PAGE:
Knives and Skin (2019) at Fantasia and FrightFest
A woman clutching a large kitchen knife walks through a home bathed in giallo-esque neon pinks, reds and blues, and knocks at a bedroom door. “Carolyn, are you in there?”, she asks. “Are you still not talking to me?” She then picks the lock with the knife’s blade and enters. There is nobody there – but the woman, who is in fact Carolyn’s mother Lisa Harper (Marika Engelhardt), tries on a sequined dress belonging to her daughter. Meanwhile, still dressed in her majorette’s costume, 15-year-old Carolyn (Raven Whitley) is at the reservoir on the edge of Big River, about to lose her virginity to randy jock Andy Kitzmiller (Ty Olwin). “I’m such a nobody,” Carolyn tells him, “Say my name”, before cutting his forehead with her fingernail and declaring, “Now I can find you in the dark – if we get separated.” She changes her mind about having sex, and angry, entitled Andy, who still is still holding onto Carolyn’s new glasses (“My mum would kill me if they broke”, she had commented), drives off, abandoning her there. It is the last time that anybody sees Carolyn alive.
This diptych of sequences opening Knives and Skin is also programmatic of its themes and stylisations. For the film is full of lost girls, sexual negotiations, and fears of isolation, erasure and oblivion, while its rural Midwest setting is constantly defamiliarised by eccentric behaviours and mannered lighting (especially pinks), flushing this strange adolescent world with a quirky, feminised hyperrealism. It is a kaleidoscopic examination of a particularly American coming of age, told in fragmentary episodes and vignettes that circle around, without always focusing on, Carolyn’s absence.
In an early scene we see Carolyn’s classmates practising a slow a cappella version of all-female group The Go-Go’s Our Lips Are Sealed (1981) for their girls’ choir, conducted by a teary Lisa. It is a song whose title and lyrics (like Lisa’s earlier question “Are you still not talking to me?”) speak of the conspiratorial omertà that often surrounds (female) experience within patriarchy. The unspoken, the secretive, the ineffable – these are key themes in a film which is after all a mystery. With its waterside dead girl, its surreal small-town soap operatics and Nick Zinner’s moody synth tones, Knives and Skin is overt in its evocation of David Lynch’s TV series Twin Peaks. Yet its little, local mysteries – what happened to Carolyn? why was her mother carrying a knife in the house (something she is still doing when Big River’s sheriff Doug Darlington, played by James Vincent Meredith, visits)? – soon give way to bigger, more existential questions which everyone in the community (and in the cinema) must at some point confront: about our identity and its embodiment, about our connections of kinship and friendship, about sex and love, about memory and mortality.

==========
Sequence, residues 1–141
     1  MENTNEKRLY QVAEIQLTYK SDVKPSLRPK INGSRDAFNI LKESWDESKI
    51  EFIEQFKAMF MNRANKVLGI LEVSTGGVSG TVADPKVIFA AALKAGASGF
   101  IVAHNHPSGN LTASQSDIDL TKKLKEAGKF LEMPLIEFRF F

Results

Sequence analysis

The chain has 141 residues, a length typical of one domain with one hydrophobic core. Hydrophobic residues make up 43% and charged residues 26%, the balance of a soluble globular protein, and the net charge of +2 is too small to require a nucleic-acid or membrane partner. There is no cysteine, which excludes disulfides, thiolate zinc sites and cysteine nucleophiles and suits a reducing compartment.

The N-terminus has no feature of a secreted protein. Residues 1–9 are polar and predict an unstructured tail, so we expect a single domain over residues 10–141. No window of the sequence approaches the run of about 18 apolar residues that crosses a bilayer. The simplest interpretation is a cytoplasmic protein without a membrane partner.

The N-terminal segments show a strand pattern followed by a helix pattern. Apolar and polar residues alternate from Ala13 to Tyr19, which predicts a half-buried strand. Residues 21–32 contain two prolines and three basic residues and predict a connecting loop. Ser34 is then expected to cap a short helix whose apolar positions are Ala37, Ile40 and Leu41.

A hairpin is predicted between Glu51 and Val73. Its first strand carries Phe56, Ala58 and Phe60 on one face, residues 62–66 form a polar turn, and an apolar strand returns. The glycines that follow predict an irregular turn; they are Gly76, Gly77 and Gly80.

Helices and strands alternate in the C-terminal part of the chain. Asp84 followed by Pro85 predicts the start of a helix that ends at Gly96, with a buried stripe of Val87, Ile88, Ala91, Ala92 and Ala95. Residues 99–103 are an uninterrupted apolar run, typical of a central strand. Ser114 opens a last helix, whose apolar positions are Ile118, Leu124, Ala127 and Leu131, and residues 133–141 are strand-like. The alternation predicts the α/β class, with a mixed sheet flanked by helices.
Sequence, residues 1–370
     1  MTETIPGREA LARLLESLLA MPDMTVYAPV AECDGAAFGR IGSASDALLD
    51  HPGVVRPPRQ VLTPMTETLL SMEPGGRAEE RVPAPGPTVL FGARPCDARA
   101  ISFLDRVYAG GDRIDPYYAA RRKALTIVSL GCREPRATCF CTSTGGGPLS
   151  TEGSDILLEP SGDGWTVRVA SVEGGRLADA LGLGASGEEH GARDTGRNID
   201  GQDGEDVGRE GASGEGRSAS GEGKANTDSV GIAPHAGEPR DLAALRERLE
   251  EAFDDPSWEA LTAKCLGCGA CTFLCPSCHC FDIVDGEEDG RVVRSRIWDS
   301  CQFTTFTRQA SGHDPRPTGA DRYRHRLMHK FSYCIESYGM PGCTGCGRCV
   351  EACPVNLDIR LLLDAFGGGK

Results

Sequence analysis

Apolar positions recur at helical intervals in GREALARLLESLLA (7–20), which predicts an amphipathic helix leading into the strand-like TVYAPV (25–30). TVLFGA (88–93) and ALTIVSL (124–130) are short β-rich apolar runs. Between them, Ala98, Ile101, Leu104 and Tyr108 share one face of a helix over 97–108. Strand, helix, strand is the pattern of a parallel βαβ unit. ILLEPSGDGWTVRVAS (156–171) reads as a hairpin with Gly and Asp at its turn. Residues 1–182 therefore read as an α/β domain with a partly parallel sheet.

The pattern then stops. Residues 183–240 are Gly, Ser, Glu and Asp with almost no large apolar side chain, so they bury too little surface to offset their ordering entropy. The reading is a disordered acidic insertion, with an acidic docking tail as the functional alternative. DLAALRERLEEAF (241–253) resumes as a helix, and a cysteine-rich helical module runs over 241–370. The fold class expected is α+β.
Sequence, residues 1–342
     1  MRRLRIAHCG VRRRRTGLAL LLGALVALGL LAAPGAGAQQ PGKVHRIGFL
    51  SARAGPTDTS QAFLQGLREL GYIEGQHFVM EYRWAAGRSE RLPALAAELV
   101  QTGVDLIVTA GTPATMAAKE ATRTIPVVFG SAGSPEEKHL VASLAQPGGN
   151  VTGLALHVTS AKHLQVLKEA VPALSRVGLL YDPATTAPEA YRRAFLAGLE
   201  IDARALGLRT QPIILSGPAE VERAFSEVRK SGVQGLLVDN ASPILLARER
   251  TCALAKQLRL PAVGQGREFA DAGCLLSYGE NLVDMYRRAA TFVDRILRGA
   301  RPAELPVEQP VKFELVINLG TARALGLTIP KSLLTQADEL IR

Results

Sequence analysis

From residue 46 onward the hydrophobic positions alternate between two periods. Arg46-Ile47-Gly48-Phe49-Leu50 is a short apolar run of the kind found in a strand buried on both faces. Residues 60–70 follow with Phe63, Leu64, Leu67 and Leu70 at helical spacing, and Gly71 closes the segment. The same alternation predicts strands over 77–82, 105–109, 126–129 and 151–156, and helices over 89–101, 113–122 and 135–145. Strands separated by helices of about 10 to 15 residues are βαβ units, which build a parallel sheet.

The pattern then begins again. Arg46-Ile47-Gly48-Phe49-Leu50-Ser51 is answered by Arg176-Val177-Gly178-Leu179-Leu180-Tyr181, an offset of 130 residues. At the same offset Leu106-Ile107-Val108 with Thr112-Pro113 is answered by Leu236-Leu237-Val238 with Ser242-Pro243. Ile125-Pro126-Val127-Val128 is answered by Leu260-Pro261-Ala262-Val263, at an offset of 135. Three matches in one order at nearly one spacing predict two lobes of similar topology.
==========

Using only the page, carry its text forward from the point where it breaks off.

More songs from the early Eighties (New Order’s Blue Monday, Naked Eyes’ Promises Promises, Cyndi Lauper’s Girls Just Want To Have Fun) will follow, sometimes sung by the school choir, or sometimes distributed, in Magnolia-like montage, between different characters (including the dead and undiscovered Carolyn). It is as though the old mix-tapes, in out-moded cassette format, that Andy’s father Dan (Tim Hooper) finds hidden in the garage also provide the free-associative structure of the film itself, as it leaps from scene to scene and character to character, remixing Big River’s dramas – and its denizens’ nuanced emotions – in eclectically catchy form. The old songs here, like the tchotchkes and personal objects that different characters exchange, offer a backbone of nostalgia, as the community of Big River – and the film along with them – struggle to find continuity and hope in emptiness, invisibility and loss.
Written and directed by Jennifer Reeder, Knives and Skin is an ensemble piece, paying special attention to a loose circle of female characters: Lisa on her confused, self-abasing journey to find her daughter; Andy’s sister Joana (Grace Smith), as close to a centering focus as the film has; Joana’s mentally ill mother Lynn (Audrey Francis) and hedonistic grandmother Miriam (Marilyn Dodds Frank); Joana’s school friends with their own relationship anxieties; and Sheriff Darlington’s heavily pregnant wife Renee (Kate Arrington), who is having an affair with Joana’s father Dan (Tim Hopper). The various pressures and oppressions which all these women face offer a mosaic portrait, in microcosm, of America’s gendered inequalities – like Sam Levinson’s Assassination Nation (2018), only replacing that film’s vigilante ultraviolence with a shimmering magical realism. So this is a feminist work, with an intersectional interest in its non-white and non-hetero characters. The results are a luminous, dreamy panorama of a patriarchal nation still coming to terms with itself as it sings the same old tunes (in new arrangements) and longs for even the possibility of change or escape.
© Anton Bitel